Evaluative conduct in teacher–student supervision: When students assess their own performance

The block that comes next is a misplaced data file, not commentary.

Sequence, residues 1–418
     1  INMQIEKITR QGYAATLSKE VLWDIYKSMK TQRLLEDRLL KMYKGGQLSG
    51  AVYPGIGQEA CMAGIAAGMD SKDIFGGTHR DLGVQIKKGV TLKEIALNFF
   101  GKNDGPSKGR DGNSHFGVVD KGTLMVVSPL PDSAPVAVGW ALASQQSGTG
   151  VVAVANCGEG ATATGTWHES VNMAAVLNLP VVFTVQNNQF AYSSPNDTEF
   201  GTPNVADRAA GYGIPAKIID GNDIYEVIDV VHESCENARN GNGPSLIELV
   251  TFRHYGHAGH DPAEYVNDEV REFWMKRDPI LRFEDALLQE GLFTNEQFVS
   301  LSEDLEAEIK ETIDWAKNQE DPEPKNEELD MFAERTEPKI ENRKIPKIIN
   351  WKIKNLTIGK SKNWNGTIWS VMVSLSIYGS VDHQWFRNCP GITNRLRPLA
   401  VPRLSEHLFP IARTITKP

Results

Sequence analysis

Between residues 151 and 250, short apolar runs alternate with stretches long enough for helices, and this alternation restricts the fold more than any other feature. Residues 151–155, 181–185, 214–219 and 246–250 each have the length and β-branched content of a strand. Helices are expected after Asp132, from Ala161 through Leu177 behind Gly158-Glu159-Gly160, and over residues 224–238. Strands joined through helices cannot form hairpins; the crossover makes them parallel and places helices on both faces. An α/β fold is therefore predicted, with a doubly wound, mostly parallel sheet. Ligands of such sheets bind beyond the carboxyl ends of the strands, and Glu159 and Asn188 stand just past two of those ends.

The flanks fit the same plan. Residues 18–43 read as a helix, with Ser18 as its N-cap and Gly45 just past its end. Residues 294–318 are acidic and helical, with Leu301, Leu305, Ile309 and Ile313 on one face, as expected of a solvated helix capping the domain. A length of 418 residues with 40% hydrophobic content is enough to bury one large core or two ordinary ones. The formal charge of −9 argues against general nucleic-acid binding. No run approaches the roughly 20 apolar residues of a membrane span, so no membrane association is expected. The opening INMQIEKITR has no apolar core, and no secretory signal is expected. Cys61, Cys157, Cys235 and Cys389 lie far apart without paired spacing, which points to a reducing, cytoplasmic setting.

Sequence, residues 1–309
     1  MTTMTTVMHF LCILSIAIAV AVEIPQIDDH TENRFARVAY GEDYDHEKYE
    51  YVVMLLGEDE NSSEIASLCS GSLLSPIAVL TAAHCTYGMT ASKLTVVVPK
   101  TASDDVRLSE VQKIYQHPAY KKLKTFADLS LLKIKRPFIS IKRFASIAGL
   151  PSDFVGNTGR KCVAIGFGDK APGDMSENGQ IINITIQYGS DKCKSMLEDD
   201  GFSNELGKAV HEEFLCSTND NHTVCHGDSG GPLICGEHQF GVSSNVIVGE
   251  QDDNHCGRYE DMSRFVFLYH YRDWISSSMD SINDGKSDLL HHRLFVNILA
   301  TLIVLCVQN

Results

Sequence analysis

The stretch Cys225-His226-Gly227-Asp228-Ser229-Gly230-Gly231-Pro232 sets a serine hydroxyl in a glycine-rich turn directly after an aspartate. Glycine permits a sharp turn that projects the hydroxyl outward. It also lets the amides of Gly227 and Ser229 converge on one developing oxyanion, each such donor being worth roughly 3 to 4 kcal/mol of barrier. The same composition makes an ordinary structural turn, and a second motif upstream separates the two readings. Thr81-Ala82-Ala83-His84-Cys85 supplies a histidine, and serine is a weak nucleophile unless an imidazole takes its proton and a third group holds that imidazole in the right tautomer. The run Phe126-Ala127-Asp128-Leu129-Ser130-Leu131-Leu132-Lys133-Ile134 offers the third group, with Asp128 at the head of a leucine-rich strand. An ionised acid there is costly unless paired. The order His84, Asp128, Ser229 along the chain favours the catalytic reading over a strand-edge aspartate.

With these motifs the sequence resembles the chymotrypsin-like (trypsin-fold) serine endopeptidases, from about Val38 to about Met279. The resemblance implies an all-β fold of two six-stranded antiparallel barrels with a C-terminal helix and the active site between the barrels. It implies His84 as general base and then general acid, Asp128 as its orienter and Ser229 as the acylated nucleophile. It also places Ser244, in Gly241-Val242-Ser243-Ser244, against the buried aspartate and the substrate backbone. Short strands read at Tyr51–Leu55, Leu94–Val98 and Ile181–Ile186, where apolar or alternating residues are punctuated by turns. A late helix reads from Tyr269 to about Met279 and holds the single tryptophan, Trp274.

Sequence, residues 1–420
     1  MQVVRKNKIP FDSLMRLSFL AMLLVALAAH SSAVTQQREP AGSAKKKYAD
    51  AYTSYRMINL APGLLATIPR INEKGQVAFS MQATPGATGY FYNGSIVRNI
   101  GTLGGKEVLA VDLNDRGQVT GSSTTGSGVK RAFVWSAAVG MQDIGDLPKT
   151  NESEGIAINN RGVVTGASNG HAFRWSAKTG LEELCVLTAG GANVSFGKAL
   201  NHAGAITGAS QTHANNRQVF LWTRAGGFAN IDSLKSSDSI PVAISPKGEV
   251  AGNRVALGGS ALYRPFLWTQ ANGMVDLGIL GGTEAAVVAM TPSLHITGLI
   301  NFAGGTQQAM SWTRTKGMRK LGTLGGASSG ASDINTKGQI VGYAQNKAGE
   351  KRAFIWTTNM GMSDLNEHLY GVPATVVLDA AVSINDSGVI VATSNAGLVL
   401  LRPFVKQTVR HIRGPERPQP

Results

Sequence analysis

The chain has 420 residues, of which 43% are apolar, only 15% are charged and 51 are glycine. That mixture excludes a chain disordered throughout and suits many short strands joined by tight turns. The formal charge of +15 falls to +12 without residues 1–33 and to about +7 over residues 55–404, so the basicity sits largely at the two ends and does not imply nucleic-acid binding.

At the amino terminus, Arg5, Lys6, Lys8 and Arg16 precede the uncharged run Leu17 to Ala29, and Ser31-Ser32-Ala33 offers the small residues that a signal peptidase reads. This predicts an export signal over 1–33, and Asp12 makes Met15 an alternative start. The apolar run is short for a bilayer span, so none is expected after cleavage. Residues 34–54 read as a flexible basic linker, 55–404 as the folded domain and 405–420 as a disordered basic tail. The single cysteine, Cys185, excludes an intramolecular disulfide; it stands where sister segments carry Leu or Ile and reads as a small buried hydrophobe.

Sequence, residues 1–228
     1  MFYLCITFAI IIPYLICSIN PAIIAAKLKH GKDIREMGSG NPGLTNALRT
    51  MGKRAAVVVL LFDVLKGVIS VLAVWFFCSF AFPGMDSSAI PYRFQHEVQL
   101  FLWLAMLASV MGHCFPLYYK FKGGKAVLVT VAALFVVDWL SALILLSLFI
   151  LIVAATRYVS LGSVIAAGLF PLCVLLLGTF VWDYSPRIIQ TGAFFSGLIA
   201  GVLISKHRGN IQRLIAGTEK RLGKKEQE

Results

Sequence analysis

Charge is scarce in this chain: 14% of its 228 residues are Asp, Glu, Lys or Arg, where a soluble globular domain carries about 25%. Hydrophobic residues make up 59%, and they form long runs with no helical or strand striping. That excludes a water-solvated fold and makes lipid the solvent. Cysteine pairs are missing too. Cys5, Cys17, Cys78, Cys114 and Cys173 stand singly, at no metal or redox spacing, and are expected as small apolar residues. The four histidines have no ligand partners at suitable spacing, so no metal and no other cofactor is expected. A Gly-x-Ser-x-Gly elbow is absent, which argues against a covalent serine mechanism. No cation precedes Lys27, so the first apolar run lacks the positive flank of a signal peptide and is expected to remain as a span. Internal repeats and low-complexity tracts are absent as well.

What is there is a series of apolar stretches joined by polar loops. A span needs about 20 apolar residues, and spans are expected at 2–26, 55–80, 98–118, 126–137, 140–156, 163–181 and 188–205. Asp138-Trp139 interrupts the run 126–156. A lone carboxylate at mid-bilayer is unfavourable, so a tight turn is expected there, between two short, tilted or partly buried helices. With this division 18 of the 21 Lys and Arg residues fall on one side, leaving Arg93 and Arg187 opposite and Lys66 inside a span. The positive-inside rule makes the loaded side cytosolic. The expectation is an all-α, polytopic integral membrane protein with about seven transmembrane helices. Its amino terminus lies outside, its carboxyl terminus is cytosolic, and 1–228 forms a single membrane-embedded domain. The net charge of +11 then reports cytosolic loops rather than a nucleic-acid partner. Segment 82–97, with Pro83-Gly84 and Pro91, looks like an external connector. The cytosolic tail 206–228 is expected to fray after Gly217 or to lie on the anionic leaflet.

The practice of evaluating one’s own performance or that of another is ubiquitous across workplace and institutional settings and is foundational to the educational endeavour. In contrast to the traditional dynamic of teachers assessing students’ performance, however, this paper focuses on how students evaluate their own performance in feedback meetings. Using conversation analysis, we investigate two Scandinavian educational settings in which students evaluate, reflect on and assess their own work. Analysis focuses on how evaluative practices are initiated and/or elicited by teachers, and how they align with or disrupt conversation analytic norms around self-assessment. We found that doing evaluation presents interactional challenges for those eliciting, doing and responding to it, despite the core nature of assessment in educational settings. We discuss the implications for preference organisation in specialised institutional settings and seek to understand what counts as assessment and evaluation in real pedagogic events.